The success of projects, policies, or programs does not depend solely on how they are drafted. Organizations themselves - including their structure, capacity, motivation, etc. - are as important when it comes to implementing projects, policies, or programs. This fact has become increasingly accepted in the last decade. Consequently, many organizations, government agencies and not-for-profits amongst them, are being asked to undergo organizational assessments. An organizational assessment (OA) is a methodological process for obtaining information about the performance of an organization and the factors that affect that performance. The information collected can then be used to diagnose areas of possible investment for change and/or to demonstrate organizational competence to funders. However, only few organizations, including government agencies and not-for-profits, know how to carry out an OA. This website is interested in helping people learn about this process by providing them with effective methods, tools and approaches for assessing the capacity and performance of organizations.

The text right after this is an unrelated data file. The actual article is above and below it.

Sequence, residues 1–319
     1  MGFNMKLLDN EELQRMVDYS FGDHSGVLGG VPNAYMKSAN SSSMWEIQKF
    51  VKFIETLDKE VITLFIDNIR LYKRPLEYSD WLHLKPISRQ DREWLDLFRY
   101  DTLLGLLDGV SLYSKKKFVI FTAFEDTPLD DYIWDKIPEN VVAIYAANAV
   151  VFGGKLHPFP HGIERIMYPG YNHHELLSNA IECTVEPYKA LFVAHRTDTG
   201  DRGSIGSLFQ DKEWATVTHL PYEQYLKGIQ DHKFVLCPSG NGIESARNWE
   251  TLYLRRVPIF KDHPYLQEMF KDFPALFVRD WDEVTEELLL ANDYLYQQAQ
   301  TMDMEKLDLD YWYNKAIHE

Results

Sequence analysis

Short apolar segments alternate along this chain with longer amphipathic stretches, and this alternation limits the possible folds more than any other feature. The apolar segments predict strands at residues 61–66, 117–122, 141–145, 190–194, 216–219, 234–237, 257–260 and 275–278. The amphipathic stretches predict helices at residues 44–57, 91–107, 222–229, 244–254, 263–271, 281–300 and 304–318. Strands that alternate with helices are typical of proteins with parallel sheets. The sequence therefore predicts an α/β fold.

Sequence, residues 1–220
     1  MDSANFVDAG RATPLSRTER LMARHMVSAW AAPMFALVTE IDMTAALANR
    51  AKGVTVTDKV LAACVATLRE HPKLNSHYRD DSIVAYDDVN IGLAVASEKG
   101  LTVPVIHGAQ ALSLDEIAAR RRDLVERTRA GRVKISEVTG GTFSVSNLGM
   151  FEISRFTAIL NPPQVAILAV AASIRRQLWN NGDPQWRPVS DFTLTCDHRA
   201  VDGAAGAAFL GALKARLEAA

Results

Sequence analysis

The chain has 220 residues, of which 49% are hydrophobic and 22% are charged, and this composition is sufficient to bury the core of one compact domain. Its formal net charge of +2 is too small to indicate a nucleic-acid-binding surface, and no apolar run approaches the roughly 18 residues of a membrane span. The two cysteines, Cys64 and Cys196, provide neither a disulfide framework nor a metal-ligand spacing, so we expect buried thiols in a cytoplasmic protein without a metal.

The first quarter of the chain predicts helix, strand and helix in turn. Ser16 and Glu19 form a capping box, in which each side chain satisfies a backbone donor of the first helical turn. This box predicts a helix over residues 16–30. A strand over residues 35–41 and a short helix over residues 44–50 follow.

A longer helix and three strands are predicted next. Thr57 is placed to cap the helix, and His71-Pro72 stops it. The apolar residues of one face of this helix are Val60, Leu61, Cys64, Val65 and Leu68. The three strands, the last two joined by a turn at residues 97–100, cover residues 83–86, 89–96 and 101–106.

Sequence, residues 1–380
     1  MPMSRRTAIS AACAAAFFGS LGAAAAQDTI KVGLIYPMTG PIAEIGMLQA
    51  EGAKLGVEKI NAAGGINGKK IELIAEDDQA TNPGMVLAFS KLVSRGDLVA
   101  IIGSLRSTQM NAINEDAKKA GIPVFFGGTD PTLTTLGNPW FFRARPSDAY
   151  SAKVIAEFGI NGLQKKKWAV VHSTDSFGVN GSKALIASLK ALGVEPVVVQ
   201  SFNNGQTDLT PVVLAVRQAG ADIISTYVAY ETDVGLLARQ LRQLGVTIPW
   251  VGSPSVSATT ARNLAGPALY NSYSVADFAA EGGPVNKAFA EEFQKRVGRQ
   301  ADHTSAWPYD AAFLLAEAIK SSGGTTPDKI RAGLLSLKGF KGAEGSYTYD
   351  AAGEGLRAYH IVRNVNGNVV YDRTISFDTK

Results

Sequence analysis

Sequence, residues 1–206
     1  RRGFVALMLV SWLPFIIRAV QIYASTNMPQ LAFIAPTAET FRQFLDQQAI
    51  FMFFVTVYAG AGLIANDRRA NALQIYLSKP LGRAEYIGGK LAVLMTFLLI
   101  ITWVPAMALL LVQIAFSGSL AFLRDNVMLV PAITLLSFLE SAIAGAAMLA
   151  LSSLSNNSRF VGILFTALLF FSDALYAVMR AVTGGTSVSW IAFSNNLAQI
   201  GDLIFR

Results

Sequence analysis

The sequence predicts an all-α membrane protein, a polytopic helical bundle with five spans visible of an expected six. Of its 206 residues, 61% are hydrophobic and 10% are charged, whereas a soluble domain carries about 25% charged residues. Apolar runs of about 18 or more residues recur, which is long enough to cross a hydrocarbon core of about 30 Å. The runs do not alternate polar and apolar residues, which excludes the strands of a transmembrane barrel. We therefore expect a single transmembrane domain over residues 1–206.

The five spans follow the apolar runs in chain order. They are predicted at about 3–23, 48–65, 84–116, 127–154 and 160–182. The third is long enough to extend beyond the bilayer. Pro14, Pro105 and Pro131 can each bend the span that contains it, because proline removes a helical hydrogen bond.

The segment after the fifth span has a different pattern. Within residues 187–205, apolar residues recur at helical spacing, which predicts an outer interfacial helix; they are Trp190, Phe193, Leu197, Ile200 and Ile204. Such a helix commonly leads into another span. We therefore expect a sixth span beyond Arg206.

Exploring Organization Assessment through R&L
The "Discovering OA" section and its following pages are aimed at giving you the necessary basic and more advanced knowledge about OA that you need to improve your organizational performance.
After visiting the following pages, you will:
- understand the rationale behind conducting an OA
- know who should conduct your OA
- identify the audience/users of your OA
- understand the different frameworks and models that exist to conduct an OA
- know where to find self-assessment tools
- be familiar with some case studies regarding the OA process and utility
- be familiar with the language specific to the domain of OA
- know where to find additional resources
For all visitors who are new to OA, we first suggest you visit our Introductory Guide to OA page to learn more on the definition and processes of OA. Other pages should then be complementary.
Enjoy your OA Reflection and Learning!